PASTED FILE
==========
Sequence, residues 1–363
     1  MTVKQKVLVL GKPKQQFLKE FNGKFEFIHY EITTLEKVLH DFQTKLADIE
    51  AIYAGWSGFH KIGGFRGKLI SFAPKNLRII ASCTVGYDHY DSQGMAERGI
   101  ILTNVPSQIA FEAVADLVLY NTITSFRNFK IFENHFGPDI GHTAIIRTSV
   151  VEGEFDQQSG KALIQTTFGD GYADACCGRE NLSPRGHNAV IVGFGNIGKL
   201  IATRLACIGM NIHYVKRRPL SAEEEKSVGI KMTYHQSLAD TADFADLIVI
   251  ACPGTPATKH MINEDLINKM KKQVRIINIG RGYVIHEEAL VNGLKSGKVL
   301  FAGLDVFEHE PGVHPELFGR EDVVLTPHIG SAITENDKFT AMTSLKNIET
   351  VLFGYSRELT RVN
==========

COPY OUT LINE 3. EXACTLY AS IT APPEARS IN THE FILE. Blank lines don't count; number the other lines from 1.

    51  AIYAGWSGFH KIGGFRGKLI SFAPKNLRII ASCTVGYDHY DSQGMAERGI